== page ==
2 minutes ago, sal97 said:

Take what you can get right now, there’s a nursing shortage but there isn’t enough jobs that are friendly for new grads, so needless to say it’s tough right now. Nursing home experience is just as good as hospital experience. And if you feel like you need more time orienting, don’t be scared to mention that.

What are you basing your nursing shortage assertion on?

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Rionoir is a ADN, RN and specializes in Neuro ICU.

591 Posts; 3,336 Profile Views

5 hours ago, LostNewGrad23 said:

I am interested in a lot of areas in nursing that require 2 years of experience for instance, SANE nurse, school nursing, public health, L and D/ mother baby, wound care, home and hospice ect. What area do you think would give me the best background for these job later down the line ?  I could really use some feedback, thank you!

You seem willing to move, and there are plenty of good places to work that you don’t need two years of experience to get into some of those positions.  Wound care and L&D in particular I know don’t require any experience in my neck of the woods.  

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"nursy" has 40 years experience as a RN and specializes in ICU, ER, Home Health, Corrections, School Nurse.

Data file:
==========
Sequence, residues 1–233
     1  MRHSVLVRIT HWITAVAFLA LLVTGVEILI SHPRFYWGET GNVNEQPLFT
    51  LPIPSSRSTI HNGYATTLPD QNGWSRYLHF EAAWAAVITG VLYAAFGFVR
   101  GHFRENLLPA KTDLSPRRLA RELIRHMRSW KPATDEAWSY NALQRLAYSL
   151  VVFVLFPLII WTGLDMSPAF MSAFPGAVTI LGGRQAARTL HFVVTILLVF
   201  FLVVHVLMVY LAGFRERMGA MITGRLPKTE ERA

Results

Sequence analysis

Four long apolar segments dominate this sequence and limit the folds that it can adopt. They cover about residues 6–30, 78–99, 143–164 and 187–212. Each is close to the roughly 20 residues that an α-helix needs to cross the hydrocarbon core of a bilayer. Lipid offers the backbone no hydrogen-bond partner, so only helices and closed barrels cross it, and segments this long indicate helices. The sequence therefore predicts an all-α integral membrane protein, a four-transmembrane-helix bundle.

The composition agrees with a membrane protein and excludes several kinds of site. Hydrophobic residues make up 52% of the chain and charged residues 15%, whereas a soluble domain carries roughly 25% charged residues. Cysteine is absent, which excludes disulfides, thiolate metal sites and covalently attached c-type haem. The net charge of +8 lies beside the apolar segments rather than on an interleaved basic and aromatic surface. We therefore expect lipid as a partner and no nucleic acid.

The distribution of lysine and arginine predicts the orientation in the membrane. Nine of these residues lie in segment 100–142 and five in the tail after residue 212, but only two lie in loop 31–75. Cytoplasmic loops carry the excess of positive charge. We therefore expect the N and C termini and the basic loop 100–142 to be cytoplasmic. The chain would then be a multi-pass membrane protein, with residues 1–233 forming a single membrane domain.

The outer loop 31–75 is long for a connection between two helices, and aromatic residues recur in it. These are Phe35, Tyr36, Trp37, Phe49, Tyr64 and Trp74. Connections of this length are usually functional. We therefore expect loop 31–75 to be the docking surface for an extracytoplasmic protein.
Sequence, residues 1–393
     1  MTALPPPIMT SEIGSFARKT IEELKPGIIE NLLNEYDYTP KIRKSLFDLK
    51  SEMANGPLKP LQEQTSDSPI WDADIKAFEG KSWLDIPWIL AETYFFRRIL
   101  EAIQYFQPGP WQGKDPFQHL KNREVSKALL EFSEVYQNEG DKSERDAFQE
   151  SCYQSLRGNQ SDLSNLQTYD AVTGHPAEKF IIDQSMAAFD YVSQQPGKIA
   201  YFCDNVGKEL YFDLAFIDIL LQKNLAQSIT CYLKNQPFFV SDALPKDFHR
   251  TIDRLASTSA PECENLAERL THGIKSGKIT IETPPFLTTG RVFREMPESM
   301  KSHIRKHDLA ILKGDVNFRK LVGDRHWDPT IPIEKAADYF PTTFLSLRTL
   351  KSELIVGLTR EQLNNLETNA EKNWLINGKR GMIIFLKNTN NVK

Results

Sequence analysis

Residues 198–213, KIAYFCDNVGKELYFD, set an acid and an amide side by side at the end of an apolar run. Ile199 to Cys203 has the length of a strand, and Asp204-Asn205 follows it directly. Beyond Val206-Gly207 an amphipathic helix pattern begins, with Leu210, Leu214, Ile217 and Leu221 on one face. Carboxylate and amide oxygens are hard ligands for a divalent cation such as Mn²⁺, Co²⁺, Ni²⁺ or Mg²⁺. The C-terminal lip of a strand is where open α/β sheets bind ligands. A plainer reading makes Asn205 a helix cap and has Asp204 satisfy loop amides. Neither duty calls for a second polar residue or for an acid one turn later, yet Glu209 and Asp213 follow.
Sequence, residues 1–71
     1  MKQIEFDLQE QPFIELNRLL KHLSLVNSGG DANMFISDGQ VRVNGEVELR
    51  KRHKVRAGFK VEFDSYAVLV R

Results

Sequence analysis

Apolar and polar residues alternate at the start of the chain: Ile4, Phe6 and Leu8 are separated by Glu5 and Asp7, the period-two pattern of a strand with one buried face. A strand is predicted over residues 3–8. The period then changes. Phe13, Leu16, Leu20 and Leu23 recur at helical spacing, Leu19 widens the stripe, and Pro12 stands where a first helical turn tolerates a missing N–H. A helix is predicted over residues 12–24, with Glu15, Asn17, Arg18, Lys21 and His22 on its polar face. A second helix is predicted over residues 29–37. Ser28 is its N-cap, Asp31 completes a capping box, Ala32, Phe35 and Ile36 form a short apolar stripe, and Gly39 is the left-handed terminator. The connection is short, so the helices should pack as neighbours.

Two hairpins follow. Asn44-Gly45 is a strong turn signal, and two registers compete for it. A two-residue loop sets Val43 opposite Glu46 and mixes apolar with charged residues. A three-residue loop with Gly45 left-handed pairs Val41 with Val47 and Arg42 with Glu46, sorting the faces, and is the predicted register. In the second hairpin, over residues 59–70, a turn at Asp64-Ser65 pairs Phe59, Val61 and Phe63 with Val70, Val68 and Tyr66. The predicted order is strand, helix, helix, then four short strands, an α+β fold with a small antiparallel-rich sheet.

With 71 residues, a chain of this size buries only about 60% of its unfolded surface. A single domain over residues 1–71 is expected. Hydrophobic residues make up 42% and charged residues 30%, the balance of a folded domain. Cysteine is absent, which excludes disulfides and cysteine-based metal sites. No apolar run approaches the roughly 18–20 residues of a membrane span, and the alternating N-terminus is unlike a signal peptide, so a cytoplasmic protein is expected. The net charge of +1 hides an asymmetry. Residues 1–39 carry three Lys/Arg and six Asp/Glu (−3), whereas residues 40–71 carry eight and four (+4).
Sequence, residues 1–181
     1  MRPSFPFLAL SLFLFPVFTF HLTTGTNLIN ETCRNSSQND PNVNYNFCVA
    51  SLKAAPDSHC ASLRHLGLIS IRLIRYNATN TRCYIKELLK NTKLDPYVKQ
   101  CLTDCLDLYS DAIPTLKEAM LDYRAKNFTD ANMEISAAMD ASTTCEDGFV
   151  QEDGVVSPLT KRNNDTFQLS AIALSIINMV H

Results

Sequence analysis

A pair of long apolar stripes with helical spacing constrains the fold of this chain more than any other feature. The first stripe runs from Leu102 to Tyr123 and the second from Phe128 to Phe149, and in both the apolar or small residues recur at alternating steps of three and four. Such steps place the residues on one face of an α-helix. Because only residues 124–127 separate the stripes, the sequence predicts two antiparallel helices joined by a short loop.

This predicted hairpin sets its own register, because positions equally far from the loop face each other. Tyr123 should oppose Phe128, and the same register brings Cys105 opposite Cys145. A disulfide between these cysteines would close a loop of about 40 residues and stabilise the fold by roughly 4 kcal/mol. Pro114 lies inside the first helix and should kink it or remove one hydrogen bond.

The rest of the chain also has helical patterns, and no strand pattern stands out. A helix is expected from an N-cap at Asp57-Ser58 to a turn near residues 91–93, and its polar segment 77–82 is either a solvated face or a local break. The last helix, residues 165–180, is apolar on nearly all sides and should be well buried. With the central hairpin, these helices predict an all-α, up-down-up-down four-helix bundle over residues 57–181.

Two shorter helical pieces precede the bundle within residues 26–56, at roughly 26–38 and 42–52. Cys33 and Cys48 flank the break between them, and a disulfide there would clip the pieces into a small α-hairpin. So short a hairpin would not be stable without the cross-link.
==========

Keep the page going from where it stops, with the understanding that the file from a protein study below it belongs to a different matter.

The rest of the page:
198 Posts; 809 Profile Views

If your area is saturated, I would make the move to Georgia.  Staying in a saturated area is going to put you in the position of settling for something that you really don't want, and then feeling stuck because there are no other options.  And, yes, you will be moving far from your support system, but you should be meeting other nurses in the residency program that can be a source of support, new friends, etc.  

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llg has 43 years experience as a PhD, RN and specializes in Nursing Professional Development.

6 Followers; 13,247 Posts; 59,364 Profile Views

In Georgia, you would be living with your aunt and uncle.   So you would not be without a support system.   If they are willing to let you live with them, they would probably provide you with some emotional support, too.   They would probably also help you with some of the practical realities of adult life -- where to shop, doctor, dentist, insurance agent, etc.

What are you waiting for?   Take advantage of the support you have it Georgia and invest in your career.   You can't expect that the perfect job will always be available right where you already live.   The Georgia alternative sounds do-able as you would not be moving there alone and by yourself.

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SqrB3ar is a BSN, RN and specializes in Burn ICU.

93 Posts; 1,507 Profile Views